Final Decision:The decision (ICCD/COP(9)/L.5) contains 25 operative paragraphs, including agreements to, inter alia: adopt the work programmes of the Secretariat, GM, CST and CRIC; approve a core budget of €16,364,800 for the biennium 2010-2011; adopt the indicative scale of contributions for 2010-2011; and approve the staffing table for the core budget. It further decides to maintain the level of the working capital reserve at 8.3% of the estimated expenditures, including overhead charges, of the core budget; encourages parties that have still not paid their contributions to the core budget for 2008 and prior years to do so without delay; approves a contingency budget amounting to €1,988,000 for conference servicing, and requests the Executive Secretary to prepare a results-based budget and work programmes for the biennium 2012-2013, including budget scenarios reflecting zero nominal growth and zero real growth.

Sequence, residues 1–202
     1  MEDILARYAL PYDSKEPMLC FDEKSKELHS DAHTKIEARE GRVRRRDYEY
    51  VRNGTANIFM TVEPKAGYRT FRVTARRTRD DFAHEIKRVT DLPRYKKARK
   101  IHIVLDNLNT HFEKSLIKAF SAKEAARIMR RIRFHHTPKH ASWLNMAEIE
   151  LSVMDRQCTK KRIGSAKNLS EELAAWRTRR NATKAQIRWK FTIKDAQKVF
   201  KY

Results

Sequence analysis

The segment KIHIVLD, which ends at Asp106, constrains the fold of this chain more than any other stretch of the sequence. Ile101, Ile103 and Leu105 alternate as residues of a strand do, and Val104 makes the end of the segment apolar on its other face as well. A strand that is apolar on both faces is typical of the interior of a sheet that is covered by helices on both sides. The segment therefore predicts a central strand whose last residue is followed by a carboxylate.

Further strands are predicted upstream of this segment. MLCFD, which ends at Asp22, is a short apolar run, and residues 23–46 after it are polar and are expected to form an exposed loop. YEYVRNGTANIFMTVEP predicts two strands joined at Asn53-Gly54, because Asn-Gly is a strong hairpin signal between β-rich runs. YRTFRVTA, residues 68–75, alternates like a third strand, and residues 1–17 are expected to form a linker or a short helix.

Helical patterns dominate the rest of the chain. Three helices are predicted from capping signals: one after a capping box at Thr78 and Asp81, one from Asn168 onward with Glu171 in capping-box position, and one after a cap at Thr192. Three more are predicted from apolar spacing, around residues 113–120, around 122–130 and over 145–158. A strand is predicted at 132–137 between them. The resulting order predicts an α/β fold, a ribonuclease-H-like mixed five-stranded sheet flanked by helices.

ASSESSMENT OF THE GM BY THE JIU: On Tuesday, 22 September, Even Fontaine Ortiz, JIU Chair, presented the JIU report on the assessment of the GM (JIU/Rep 2009/4). He said the GM’s general performance was good and therefore inspectors focused on the GM-Secretariat relationship. The JIU concluded, inter alia, that there is: a poor Joint Programme of Work; poor coordination and unclear mandates; and insufficient synergies between the two institutions and with other UN agencies. He said the report included three scenarios regarding future institutional arrangements: to improve the status quo; to merge the GM under the Secretariat; and to turn the GM into a fund. He said the Convention was not ready for the latter option, which the report did not explore further.